Study says parents may be aware of kids' low activity but need help changing it
UBC Okanagan study looked at 2011 Participaction campaign that saw mixed results
New research from UBC-Okanagan suggests parents made aware of how inactive their kids had become were less likely to have confidence getting them off the couch.
Heather Gainforth, an assistant professor of health and exercise sciences, looked at Participaction's 2011 "Think Again" campaign, which was designed to make parents aware of how kids needed 60 minutes of exercise a day.
The campaign encouraged parents to think about whether their kids were among the seven per cent of children getting enough exercise, when more than 88 per cent of the parents thought their kids were already in that group.
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"What we found was the campaign was really effective at increasing awareness," she told Radio West host Audrey McKinnon.
"But when we looked at whether or not they were confident to promote physical activity to their kids, they were actually having some challenges with that.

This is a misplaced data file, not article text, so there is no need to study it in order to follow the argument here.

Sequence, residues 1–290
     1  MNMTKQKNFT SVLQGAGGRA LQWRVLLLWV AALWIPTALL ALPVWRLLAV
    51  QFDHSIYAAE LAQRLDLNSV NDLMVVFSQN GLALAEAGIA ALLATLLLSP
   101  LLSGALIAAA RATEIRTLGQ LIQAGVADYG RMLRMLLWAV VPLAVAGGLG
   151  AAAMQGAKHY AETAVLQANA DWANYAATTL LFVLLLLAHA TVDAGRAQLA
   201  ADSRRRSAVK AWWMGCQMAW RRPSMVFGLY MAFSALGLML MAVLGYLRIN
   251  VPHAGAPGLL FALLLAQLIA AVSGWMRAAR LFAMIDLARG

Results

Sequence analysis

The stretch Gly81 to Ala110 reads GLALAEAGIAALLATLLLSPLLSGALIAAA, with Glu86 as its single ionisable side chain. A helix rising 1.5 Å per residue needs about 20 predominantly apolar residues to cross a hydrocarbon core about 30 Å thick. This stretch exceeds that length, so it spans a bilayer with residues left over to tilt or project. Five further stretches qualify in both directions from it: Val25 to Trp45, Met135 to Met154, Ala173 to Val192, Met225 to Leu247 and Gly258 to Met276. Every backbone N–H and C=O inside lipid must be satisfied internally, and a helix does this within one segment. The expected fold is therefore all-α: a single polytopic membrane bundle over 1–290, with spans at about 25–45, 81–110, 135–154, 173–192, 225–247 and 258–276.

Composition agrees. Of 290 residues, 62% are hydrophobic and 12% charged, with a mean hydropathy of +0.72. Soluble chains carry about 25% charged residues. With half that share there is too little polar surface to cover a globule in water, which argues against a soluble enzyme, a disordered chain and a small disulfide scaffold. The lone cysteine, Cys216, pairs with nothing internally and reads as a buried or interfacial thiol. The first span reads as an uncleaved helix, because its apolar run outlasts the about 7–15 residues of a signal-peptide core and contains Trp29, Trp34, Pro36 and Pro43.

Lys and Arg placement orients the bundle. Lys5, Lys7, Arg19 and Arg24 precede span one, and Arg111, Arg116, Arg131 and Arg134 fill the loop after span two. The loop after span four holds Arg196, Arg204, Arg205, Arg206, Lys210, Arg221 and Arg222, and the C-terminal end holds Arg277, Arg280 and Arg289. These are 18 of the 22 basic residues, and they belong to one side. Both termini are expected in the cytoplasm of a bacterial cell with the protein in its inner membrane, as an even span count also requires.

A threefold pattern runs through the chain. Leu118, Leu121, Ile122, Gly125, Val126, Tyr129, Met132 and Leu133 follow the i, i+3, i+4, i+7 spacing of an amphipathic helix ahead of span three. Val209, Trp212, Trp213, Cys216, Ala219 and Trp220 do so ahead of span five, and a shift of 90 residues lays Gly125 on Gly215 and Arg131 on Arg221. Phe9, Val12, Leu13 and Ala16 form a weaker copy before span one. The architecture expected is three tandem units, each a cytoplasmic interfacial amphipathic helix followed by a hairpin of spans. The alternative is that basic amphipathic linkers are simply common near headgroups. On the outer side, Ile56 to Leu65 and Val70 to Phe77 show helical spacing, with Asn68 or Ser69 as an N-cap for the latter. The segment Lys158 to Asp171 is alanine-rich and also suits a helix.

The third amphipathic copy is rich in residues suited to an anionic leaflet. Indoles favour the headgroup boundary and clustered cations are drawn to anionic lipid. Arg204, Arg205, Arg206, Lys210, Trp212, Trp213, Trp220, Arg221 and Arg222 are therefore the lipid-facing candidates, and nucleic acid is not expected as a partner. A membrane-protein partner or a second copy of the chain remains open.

"So, it really lets us know we need to start helping parents be able to promote physical activity, and we need some public policy and programs to help them."
Gainforth says the exact "challenges" weren't examined by her study, but she suspects it may have been pushback from the kids themselves.
She says that suggests campaigns like "Think Again" work in getting parents involved but need to go further by giving parents knowledge of how to make physical activity a reality.
She says such tools do exist, but the challenge is getting them into parents' hands.
Gainforth's research was published in the journal Health Education and Behaviour's September issue.
With files from CBC Radio One's Radio West
To hear the full story, click the audio labelled: Study says parents may be aware of kids' low activity, but need help to change it